Thanks to the attic insulation, energy does not leak through the ceiling and into the attic below. The majority of individuals, however, undercut this insulation by omitting to verify the attic's entryway before using it. The amount of heat or air conditioning that escapes through the attic's spaces and the attic vents when you have a "hole in the ceiling" is significant. Temporary sealing around the outside of the door can lower your heating and cooling expenses by 25 percent immediately away.
Fireplaces have a variety of drawbacks when it comes to regulating the temperature in the home. According to the National Fire Protection Association, a fireplace's primary purpose is to exhaust smoke from a home through the use of rising heat. When you aren't using the fireplace, though, it continues to transfer hot air out of your home, which is a concern.
Make sure that the fireplace's flue is closed whenever it's not in use before attempting any work. In fact, if you leave it open, you might as well turn off the heat in your home because the heat will escape through your vents and spread around the room, before blowing up and out of the fireplace. That is, without a question, a nightmare in terms of utility costs.
If you want to stay up with the rising cost of electricity, you'll need to conduct regular energy audits. Fortunately, implementing a few common sense precautions can save you a large amount of money.
The Correct Insulation in the Correct Location
Insulation is the process of enclosing or covering an object with a material that functions as a barrier, limiting (or obstructing) the flow of energy, particularly heat. It's most commonly used for the following things:
-To reduce the amount of heat energy lost.
-To prevent items from overheating in the immediate vicinity.
Here are some examples of frequent applications for insulation:
-In industrial applications, such as stoves and ovens, refrigerators and freezers, water heaters, and water pipelines, among others.
When correctly placed, insulation can provide both indoor comfort and energy efficiency (by keeping your home cooler in the summer and warmer in the winter).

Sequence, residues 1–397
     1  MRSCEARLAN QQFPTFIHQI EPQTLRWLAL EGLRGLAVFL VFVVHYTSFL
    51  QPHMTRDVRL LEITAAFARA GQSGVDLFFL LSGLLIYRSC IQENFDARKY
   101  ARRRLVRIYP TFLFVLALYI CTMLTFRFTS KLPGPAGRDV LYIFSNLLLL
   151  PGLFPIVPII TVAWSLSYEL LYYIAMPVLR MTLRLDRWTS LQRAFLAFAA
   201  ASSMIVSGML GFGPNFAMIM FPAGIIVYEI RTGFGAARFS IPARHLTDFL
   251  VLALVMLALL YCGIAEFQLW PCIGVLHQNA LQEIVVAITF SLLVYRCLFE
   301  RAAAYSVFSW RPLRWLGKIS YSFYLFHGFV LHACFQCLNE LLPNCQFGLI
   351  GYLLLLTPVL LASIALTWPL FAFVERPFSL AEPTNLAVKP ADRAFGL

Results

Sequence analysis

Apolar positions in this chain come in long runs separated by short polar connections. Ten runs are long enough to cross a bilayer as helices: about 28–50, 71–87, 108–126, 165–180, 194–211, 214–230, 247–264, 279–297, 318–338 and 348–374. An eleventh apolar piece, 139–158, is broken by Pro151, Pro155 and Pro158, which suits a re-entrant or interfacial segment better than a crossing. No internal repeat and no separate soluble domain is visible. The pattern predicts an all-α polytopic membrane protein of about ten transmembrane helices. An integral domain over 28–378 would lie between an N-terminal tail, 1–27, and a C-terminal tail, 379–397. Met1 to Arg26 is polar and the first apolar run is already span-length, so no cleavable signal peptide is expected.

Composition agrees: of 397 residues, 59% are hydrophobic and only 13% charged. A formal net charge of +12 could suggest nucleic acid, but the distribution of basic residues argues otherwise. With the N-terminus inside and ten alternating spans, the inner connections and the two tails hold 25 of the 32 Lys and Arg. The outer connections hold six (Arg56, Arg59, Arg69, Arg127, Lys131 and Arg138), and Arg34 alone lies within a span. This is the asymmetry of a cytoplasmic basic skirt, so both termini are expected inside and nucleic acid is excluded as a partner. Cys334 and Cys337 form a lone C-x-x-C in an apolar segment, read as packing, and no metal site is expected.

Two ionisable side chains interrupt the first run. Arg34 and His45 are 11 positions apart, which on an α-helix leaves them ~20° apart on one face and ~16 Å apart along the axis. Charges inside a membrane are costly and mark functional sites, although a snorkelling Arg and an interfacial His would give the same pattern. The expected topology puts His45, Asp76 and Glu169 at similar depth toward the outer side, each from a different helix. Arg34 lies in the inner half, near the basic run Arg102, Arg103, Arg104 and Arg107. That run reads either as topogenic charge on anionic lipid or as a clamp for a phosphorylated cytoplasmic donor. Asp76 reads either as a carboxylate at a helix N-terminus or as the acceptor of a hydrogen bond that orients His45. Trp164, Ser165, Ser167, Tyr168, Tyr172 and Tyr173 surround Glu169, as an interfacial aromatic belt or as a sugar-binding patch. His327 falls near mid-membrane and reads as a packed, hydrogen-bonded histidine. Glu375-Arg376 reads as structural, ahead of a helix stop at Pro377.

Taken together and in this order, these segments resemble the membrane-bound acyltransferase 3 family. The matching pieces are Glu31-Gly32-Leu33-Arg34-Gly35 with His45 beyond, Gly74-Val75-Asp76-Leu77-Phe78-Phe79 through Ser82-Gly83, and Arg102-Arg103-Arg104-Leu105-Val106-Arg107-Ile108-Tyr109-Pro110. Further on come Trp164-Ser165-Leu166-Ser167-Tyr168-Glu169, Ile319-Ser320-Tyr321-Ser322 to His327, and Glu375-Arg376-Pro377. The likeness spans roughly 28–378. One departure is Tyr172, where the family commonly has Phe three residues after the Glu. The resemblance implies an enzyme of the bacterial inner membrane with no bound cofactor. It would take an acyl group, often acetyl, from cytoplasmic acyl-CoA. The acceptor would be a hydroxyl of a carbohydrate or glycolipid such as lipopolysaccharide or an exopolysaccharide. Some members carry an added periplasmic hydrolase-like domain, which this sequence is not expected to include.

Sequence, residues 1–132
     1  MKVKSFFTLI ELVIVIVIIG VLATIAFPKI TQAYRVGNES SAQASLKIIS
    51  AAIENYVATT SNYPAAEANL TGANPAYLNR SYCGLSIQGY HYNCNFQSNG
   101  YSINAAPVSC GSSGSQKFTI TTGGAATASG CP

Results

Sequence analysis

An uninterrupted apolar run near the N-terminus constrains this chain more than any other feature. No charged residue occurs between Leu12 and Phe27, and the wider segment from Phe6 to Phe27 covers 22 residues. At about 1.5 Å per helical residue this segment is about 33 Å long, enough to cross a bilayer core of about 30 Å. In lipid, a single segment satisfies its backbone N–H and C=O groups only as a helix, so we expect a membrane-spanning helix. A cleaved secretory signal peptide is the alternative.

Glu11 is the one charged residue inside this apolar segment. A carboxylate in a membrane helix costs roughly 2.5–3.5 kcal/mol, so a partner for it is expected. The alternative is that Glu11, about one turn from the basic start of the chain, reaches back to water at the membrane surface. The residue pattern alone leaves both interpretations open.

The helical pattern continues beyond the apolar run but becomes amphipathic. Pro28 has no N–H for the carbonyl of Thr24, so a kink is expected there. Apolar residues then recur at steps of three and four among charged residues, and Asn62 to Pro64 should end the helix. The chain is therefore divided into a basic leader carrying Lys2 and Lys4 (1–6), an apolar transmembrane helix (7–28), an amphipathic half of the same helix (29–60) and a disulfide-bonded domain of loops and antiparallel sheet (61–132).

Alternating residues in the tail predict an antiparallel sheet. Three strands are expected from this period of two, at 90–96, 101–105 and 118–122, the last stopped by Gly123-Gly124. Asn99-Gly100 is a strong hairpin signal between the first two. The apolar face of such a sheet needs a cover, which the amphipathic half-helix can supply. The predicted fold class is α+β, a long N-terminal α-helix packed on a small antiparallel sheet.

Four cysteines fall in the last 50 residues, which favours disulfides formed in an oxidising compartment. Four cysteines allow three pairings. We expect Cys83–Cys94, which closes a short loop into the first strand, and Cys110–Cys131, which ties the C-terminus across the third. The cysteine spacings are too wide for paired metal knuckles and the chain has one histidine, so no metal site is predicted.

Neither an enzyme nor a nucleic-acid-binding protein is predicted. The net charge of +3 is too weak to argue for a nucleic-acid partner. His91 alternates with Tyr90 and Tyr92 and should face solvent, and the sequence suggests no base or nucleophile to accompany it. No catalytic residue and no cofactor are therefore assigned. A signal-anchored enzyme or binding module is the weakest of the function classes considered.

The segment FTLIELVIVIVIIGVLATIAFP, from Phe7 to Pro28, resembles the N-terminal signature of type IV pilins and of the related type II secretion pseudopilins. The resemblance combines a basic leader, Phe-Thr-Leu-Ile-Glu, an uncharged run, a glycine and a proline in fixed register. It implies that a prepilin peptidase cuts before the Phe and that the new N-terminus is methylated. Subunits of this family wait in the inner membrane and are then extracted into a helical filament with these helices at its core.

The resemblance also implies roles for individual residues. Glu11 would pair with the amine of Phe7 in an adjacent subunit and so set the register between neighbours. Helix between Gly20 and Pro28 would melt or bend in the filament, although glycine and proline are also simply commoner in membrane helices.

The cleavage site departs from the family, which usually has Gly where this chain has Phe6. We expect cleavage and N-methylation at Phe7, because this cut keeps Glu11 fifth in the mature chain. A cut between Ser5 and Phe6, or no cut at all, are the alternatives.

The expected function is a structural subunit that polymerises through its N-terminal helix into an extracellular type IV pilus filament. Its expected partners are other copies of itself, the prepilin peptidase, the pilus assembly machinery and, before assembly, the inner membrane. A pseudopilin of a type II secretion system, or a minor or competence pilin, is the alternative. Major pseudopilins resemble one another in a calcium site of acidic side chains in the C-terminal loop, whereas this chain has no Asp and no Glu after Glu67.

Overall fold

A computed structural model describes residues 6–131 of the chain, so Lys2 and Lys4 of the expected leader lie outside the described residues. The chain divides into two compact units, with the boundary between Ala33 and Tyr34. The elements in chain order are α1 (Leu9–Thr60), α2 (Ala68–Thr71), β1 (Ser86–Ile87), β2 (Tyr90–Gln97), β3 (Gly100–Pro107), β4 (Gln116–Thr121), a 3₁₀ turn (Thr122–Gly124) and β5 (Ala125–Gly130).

It might be tough to select and purchase the right insulation for your home. Here are some suggestions for selecting the finest insulation for your home.
1. Is there anything that needs to be insulated? The first step is to figure out where the insulation will be put in place or used. Although a visual inspection of your home may be sufficient, it is still best to entrust the job to professionals (such as your contractor).
Your home may require some or all of the following insulation, depending on the results of your (or an expert's) investigation:
-Wall insulation/cavity wall insulation Your home is protected from significant temperature swings by cavity wall insulation. According to research, heat loss through uninsulated walls can be as high as 50%, whereas cavity wall insulation can prevent up to 70% of this.
-The loft/roof is insulated. Heat loss through the roof can reach up to 25% due to the fact that hot air rises. This can be significantly reduced with adequate attic or loft insulation.
-Isolating pipes and ducts. Your heating (or cooling) costs may rise as a result of leaky ducts or pipes. They have the potential to burst (or freeze), therefore sufficient insulation is essential.
-Water tanks and cylinders To avoid being exposed to excessive cold or heat, hot water cylinders and cold water storage tanks must also be insulated.
2. What type of material should be used. The following are examples of traditional insulating materials commonly used in homes:
-Fiberglass/mineral fiber mats Fiberglass, which is spun from molten glass into microfibers, is the most widespread and flexible type of insulating material.
Fiberglass is pink or yellow in color and comes in three different types:
Rolls - insulating blankets with or without vapor barriers that prevent condensation from forming in cold areas and causing harm (such as mold).
Batts are similar to rolls, with the exception that they come in lengths ranging from 4 to 8 feet.
Blown insulation is a loose type of insulation that is blown into walls or ceilings.
-Cellulose. Cellulose is another common insulating substance found in homes. It's a fibrous substance made from shredded and chemically treated scrap or recycled paper (such as newsprint or cardboard) that's been treated to make it fire and insect resistant. It is then either loose-fill or machine-sprayed into place (poured or blown in).